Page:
Your company recruitment video will need more than a big budget to get noticed in the digital age. If you’re lacking millions of dollars for a marketing campaign, here are some tips for generating more views.
Why recruitment videos?
Talent acquisition strategies are changing. More companies are adapting to a new model which values organizational culture and the employee experience. Without an intriguing culture or employee benefits, it’s becoming harder to attract and retain talent. Recruitment videos are a great way to promote your mission and vision and tell your story. Just remember, a poorly constructed recruitment video will do more hard than good to your company image, so take time with this project.
Have good quality audio/visual: If there is one thing you do spend money on, make sure it’s having great quality audio and visual. Even if you are sharing the best content to ever depart from YouTube, you will lose your audience immediately with poor quality material. Use a high-definition camera –it doesn’t necessarily have to be top of the line, infact, many engaging videos have been shot and edited entirely on the iPhone 4.
Click Here to see a great example of a professional D.I.Y. video shot entirely with iPhone 4.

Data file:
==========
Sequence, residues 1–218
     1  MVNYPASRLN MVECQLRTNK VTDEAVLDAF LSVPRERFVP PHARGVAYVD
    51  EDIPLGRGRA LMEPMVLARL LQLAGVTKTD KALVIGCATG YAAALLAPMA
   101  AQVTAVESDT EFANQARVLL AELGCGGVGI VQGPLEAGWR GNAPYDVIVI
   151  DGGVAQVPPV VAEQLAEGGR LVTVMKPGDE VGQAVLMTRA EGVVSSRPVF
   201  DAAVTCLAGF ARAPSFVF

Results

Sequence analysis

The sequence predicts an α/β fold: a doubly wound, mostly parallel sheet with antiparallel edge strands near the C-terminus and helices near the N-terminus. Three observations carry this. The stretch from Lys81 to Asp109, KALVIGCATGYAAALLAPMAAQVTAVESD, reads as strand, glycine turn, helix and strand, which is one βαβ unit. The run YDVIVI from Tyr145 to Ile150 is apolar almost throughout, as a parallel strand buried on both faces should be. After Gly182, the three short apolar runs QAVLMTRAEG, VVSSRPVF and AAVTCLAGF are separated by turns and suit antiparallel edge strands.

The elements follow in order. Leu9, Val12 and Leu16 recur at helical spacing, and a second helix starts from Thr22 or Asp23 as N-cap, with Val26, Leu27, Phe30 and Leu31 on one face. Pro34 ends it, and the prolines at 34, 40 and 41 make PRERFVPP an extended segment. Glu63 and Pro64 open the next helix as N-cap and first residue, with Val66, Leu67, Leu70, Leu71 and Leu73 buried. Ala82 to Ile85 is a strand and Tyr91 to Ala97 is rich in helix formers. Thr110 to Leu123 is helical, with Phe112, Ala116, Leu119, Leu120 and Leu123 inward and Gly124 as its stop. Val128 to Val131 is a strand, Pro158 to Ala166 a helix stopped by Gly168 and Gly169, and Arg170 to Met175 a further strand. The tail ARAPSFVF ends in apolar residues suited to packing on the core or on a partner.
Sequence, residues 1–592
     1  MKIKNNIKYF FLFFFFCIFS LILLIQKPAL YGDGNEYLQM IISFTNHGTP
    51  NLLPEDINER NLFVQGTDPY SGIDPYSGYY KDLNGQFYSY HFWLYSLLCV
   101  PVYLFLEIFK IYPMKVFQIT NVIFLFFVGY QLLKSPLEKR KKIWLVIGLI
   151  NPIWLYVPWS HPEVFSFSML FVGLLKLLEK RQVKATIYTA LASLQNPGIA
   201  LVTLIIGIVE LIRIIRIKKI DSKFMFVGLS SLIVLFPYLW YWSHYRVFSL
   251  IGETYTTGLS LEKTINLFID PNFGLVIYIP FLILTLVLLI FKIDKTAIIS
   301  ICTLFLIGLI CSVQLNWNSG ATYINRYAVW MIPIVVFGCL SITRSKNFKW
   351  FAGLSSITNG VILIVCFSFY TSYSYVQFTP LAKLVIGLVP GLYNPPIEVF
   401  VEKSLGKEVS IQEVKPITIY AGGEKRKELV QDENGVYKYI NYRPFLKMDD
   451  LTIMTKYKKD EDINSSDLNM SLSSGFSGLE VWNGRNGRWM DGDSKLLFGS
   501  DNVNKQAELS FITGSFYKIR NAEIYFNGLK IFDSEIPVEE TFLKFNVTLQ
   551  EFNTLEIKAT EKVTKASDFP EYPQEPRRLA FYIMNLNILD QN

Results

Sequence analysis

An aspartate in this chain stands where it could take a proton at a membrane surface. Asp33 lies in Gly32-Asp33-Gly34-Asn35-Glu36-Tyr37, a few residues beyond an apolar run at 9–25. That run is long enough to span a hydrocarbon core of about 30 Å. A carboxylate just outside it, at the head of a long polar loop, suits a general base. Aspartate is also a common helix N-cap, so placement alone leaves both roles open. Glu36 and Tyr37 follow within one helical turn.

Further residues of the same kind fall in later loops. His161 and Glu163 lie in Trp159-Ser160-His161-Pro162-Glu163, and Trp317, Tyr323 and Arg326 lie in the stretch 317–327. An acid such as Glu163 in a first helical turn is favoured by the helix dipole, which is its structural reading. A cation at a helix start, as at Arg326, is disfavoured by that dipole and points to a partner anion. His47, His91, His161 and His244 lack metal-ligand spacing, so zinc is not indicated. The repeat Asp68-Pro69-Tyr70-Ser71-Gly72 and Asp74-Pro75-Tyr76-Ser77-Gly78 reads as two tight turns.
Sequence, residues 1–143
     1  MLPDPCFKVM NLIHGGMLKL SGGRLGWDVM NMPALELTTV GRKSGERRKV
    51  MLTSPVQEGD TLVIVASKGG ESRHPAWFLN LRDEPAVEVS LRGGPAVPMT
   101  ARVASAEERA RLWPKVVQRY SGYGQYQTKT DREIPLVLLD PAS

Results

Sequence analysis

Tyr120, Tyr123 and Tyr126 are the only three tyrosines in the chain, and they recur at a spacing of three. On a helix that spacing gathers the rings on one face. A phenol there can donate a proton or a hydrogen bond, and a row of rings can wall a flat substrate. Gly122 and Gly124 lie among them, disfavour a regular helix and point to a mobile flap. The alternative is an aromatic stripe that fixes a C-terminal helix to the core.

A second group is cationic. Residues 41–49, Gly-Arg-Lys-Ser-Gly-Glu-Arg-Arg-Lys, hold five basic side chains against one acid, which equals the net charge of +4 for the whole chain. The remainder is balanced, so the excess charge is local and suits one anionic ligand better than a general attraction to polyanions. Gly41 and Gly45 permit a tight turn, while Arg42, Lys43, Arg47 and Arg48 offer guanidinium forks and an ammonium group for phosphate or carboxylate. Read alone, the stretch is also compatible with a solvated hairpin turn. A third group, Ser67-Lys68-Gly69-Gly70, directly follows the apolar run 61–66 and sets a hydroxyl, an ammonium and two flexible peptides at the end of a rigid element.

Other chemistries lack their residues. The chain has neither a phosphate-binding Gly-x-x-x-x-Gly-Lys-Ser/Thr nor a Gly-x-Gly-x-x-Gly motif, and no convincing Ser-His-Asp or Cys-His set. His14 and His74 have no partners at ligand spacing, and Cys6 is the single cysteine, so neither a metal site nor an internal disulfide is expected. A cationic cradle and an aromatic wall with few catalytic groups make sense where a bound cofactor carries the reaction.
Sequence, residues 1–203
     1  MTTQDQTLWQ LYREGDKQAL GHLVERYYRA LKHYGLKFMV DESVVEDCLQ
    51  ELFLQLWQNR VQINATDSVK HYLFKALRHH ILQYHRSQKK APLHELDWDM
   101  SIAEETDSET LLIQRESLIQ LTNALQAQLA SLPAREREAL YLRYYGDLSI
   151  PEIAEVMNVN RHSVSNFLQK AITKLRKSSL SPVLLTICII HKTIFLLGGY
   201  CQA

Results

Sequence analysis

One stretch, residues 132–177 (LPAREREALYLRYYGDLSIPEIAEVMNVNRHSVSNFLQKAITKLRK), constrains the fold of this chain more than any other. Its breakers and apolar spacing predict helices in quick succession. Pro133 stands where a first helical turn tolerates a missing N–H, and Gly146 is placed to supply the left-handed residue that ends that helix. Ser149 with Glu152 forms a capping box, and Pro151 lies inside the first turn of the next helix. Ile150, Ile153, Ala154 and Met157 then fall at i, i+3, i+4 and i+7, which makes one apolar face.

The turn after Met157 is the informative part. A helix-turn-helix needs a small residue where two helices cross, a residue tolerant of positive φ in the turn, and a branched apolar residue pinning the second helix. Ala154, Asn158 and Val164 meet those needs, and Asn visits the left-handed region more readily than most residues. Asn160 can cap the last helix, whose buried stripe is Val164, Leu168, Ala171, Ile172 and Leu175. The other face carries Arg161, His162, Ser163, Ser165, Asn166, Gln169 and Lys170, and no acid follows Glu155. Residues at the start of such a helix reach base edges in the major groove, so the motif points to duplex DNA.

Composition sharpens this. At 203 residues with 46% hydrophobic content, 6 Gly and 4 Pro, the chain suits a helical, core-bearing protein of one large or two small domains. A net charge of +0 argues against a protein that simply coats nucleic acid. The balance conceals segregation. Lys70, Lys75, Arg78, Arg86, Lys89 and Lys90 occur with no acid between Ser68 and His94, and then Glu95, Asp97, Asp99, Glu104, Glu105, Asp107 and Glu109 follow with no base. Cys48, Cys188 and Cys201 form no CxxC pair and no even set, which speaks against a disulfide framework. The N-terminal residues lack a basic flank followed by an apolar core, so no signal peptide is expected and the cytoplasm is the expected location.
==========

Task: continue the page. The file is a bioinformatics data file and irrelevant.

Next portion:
Get creative: The videographers made use of the iPhone’s small size to capture the trainset up-close making it appear life-like. You can make a great video with minimal equipment and a bit of creativity!
A wireless microphone, audio-collector or recorder is good to have, considering sound may be the single, most important aspect of your video.
“To know the rules, means you are allowed to break them”
Before we get into recruitment, here are the 6 rules of video:
1. Plan ahead: What is your goal? What are you trying to accomplish? Consider the location of the film–do you need a permit? Writing a storyboard with different shots you plan to include will simplify the process.
2. Hold the shot: Hold each shot long enough (at least 10 seconds) so you can get enough footage to edit.
3. Minimal zooms: Zooming can change the perspective/ quality of the shot. Instead of using the camera, “zoom with your feet” and move closer. There will always be times when you should use zoom, just keep it to a minimal.
4. Minimal pans and tilts: Pans is moving the camera to the side and tilts are moving it up and down. Avoid this.
5. Use a tripod (most of the time): This trend is changing (think of the office and modern family). If you don’t have a tripod there are stabilizers for iPhones and Go Pros, or you can “become the tripod” and et stability from the wall or by crouching down.
6. Scene composition: Use the “rule of thirds” you can set it up by using “viewpower” on your device. The theory is that if you place your photo among the intersecting lines, it becomes more balanced and interesting.